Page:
I would be happy to pay any author for any good material, books, music, video, movies, whatever... I dont care how old it is, if its worth watching or reading, I am happy to pay.

But I DONT think we should be paying for the slop that generally passes for "entertainment" these days.

So if I were King of the World there would be a new law.... NO ONE pays for books, movies, music, or television until AFTER they have consumed the entertainment. If you like it - you pay. If you dont - you dont pay.

Individual rights means everybody. Not just the authors. And living in an age where a great deal of "entertainment" is so brutally mindless, I think we should be voting with our dollars. THAT might wake up Hollywood, Authors, Wrtiers, and the present lot of purveyors of the crud that passes for "entertainment".

Most businesses operate because of quality of their product - so why not media. That would raise standards, generate more good stuff (instead of brainless crud), and raise the level of everyone. Most of all, it would squelch the continuing dumbing-down of the American consumer and THAT would be one giant step for our current state of affairs in media.


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Post #759001
Posted Friday, July 24, 2009 6:48 AM
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I read 3 or 4 books at a time, I read constantly. Any & all books in English are fair game; fiction, technical, history, biographies, horticulture etc. I probably finish about 80 -100 books a year. And yes, I too covet a REAL library.

I have tried audio books, don't like them. Don't have an e-book reader and don't wish for one. I like the feel of a book in my hand and the true portability of it. I can read in the bathtub, in bed with a flashlight, outside in the rain if I wish, anywhere, anytime.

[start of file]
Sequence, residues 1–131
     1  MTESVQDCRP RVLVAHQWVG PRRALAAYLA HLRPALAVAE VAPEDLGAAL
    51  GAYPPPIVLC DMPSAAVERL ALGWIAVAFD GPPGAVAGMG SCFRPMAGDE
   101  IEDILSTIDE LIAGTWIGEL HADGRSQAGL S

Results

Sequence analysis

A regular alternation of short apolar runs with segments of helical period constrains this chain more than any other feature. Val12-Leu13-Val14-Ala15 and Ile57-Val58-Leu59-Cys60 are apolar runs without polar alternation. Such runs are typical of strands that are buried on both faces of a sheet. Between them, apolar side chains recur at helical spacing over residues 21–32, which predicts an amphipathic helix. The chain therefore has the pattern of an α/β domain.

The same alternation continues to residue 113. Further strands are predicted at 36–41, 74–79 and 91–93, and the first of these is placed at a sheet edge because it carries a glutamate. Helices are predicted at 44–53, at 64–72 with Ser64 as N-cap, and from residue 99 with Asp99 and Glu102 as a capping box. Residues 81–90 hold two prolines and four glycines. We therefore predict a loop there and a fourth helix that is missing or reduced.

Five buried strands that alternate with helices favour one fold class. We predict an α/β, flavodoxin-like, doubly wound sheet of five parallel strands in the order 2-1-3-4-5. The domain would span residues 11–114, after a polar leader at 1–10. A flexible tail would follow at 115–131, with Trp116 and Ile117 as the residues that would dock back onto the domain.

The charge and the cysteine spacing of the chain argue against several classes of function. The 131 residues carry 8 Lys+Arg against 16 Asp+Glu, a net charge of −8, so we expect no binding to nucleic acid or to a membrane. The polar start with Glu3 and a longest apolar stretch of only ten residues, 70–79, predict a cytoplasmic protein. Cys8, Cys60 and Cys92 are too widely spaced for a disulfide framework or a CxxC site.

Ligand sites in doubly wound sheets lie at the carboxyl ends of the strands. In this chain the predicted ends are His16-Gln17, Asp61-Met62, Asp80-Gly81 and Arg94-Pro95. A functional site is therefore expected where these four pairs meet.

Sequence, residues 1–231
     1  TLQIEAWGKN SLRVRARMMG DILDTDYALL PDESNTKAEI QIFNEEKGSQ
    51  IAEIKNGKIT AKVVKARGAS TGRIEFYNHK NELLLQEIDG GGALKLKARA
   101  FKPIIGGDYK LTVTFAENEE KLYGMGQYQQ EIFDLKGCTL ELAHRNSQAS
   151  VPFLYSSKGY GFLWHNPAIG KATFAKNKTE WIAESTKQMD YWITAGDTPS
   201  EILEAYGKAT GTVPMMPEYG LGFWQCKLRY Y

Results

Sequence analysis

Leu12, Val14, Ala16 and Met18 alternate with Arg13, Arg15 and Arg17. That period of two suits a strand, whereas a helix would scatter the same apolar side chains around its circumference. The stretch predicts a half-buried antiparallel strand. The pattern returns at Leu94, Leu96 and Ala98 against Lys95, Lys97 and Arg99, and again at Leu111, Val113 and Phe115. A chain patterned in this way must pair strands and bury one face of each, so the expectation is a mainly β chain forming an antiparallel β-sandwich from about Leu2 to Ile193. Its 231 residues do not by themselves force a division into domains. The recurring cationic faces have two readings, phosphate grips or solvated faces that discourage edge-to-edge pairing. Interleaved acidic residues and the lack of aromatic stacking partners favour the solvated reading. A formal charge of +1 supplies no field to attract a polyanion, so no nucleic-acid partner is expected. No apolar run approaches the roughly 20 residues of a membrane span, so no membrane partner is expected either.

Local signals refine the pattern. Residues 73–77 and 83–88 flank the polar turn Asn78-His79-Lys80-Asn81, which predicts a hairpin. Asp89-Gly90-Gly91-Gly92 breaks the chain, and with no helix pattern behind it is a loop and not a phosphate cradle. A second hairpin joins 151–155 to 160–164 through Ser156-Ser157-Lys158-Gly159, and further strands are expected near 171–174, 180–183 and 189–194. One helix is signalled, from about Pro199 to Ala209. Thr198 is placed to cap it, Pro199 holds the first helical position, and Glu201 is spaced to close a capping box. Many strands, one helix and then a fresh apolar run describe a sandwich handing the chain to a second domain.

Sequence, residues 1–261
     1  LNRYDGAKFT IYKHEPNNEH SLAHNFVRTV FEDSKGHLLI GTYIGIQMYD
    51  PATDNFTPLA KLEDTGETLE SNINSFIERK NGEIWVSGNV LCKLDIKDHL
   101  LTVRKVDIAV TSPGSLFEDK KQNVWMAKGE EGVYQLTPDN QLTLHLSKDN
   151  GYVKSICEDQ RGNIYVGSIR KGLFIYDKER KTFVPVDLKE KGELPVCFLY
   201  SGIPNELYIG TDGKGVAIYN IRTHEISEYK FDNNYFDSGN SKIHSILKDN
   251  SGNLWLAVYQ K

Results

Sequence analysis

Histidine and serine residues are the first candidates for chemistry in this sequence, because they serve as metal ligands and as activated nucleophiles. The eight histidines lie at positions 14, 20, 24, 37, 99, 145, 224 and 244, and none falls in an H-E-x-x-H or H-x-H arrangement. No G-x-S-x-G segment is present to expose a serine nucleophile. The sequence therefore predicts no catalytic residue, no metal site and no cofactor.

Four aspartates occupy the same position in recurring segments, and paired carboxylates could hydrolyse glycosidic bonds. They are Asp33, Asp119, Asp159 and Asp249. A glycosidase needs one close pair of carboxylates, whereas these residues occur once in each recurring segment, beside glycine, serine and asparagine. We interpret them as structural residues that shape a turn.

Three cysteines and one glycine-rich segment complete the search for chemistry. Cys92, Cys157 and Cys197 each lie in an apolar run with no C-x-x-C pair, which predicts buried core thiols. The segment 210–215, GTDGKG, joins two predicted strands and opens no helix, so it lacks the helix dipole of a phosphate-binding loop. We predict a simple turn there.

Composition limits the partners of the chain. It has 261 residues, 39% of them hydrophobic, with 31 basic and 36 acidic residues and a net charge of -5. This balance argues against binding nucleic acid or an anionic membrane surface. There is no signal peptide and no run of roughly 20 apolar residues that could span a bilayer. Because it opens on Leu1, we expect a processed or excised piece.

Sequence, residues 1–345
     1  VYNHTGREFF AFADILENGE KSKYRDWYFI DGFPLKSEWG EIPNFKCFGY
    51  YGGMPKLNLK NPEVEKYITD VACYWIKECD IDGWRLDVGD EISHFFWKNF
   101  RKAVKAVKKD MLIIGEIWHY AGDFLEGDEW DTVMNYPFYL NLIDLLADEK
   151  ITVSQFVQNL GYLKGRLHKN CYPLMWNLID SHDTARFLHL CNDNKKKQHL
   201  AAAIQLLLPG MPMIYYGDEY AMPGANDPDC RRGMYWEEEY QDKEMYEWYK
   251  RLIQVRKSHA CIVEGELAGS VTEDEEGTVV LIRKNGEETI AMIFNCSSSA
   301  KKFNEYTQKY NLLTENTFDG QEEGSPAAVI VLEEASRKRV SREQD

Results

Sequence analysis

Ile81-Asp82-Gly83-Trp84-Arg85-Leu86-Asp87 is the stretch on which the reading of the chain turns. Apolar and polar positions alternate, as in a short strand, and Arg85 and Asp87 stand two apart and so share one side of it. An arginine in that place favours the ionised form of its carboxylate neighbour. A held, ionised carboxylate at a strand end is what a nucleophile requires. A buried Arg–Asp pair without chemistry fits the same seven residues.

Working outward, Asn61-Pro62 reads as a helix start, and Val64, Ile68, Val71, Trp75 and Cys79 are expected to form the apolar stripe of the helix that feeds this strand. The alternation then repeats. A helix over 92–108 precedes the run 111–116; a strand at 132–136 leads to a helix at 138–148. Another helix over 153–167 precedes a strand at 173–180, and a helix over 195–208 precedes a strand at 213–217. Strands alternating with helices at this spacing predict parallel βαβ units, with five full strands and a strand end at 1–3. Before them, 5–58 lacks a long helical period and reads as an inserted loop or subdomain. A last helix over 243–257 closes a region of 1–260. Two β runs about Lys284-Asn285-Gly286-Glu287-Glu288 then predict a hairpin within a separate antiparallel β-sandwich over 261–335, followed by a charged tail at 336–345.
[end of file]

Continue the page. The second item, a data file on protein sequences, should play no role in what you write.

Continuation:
As to the possibility of someone having immediate control over what I read - that is a big NO. I agree with Jason Miller that it is a big danger to allow anyone the possibility of re-editing already published books.

I do support the concept of intellectual property rights. The creator of whatever (fiction, software, music) deserves to be paid for their work.
Post #759012
Posted Friday, July 24, 2009 7:04 AM


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I'm a voracious reader, and I read pretty fast. I'd estimate that I read about 100 books a year. Everything from fiction, non-fiction, and technical.

I'm glad that Bezos came out and did a mea culpa and admitted they handled the 1984 and Animal House thing incorrectly.



Post #759030
Posted Friday, July 24, 2009 7:08 AM
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First I read about 8 books a year. I try to squeak in one biography/autobiography a year, the rest are fiction (mostly fantasy). Most of my technical reading is in the form of articles. As far as digital rights, somebody smarter than me will have to figure that out. Although I would like my digital rights to mirror the rights I have if I own a book, a CD or even a radio, well as closely as possible anyway. As for Amazon, they are dumber than me. Their clients trusted them to provide legitimate content for their (Amazon’s) proprietary reader. When Amazon can’t deliver on that trust, I believe that it is up to Amazon to eat the loss. Amazon should have worked with a proper license holder to cover the already sold content at a price that might even be a little inflated. Then pursue a full refund from the illegal supplier. The customer need not know anything other than they bought a book and they still have it. There were ways to handle this that did not involve being rude to the customer.
Post #759033